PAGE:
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The Witcher 4 looks even more likely as CD Projekt signs a new agreement with original creator

(Image credit: CD Projekt Red)

The Witcher 4 is looking more likely than ever after CD Projekt and the author behind the Witcher books signed a new agreement. CD Projekt, the parent company of Witcher series developer CD Projekt Red, announced on its official website that it had come to an agreement with Andrzej Sapkowski "further solidifying their relationship." This wasn't the usual contract extension between a friendly licensor and licensee, either - their relationship really was in need of some solidification.

Sapkowski made it clear that he wasn't a particular fan of the game series in multiple interviews over the years. That came to a head in 2018 when he made a legal demand for extra payment from CD Projekt on top of the reportedly minimal payment he'd arranged for back in 2007. CD Projekt paid Sapkowski an undisclosed sum earlier this year, and that was the last we heard of it. This announcement confirms that the two have not only put previous disagreements behind them but are now ready to move forward with further collaborations.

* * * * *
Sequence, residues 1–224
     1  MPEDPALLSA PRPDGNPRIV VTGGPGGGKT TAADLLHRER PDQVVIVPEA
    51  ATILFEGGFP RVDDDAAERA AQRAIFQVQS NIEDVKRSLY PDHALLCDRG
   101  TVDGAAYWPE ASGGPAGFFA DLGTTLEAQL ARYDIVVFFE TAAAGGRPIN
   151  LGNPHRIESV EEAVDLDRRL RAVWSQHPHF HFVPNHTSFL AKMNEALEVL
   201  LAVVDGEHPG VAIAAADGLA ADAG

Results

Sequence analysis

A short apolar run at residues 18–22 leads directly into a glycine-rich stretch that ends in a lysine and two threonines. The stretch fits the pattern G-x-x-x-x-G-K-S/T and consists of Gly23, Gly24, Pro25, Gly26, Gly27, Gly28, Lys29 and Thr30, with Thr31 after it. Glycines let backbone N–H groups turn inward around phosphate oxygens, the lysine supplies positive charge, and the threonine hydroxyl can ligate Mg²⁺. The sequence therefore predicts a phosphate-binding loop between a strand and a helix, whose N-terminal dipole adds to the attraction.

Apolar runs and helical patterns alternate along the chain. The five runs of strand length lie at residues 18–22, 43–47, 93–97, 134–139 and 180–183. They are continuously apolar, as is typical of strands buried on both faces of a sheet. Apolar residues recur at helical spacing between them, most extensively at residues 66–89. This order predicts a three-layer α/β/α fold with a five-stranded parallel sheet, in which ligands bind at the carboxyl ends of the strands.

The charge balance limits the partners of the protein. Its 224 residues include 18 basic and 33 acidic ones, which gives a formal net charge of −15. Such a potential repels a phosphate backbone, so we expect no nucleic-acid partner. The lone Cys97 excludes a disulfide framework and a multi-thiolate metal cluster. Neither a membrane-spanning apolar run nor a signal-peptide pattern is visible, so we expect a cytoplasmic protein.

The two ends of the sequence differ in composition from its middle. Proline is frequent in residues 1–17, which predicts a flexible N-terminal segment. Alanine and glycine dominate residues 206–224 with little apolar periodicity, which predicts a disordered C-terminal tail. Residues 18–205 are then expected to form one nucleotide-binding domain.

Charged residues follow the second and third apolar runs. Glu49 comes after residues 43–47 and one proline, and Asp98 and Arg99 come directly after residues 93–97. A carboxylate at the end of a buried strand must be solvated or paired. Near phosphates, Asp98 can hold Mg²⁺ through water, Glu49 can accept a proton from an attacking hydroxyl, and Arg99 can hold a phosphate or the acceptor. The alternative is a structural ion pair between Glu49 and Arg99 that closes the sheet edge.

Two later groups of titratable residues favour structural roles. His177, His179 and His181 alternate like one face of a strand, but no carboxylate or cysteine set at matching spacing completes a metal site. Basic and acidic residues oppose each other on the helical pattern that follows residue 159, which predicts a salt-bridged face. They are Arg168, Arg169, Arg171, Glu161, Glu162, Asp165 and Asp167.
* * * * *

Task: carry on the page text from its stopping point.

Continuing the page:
"The agreement satisfies and fully clarifies the needs and expectations of both parties, past and present, and sets out a framework for the future cooperation between the two sides," the CD Projekt announcement explains. "The agreement grants CD Projekt new rights, as well as confirms the company’s title to 'The Witcher' intellectual property in video games, graphic novels, board games, and merchandise."

The Witcher 3 is meant to definitively conclude the story of Geralt of Rivia, but CD Projekt has said that it would like to return to his world in future projects. That also pertains to further expansions for live games like Gwent and potential re-releases of existing Witcher games, of course. But with this strengthened agreement in place, it sounds like the way to a proper Witcher 4 is clear.

See how The Witcher 3 ranked on our list of the best games of the decade.

I got a BA in journalism from Central Michigan University - though the best education I received there was from CM Life, its student-run newspaper. Long before that, I started pursuing my degree in video games by bugging my older brother to let me play Zelda on the Super Nintendo. I've previously been a news intern for GameSpot, a news writer for CVG, and now I'm a staff writer here at GamesRadar.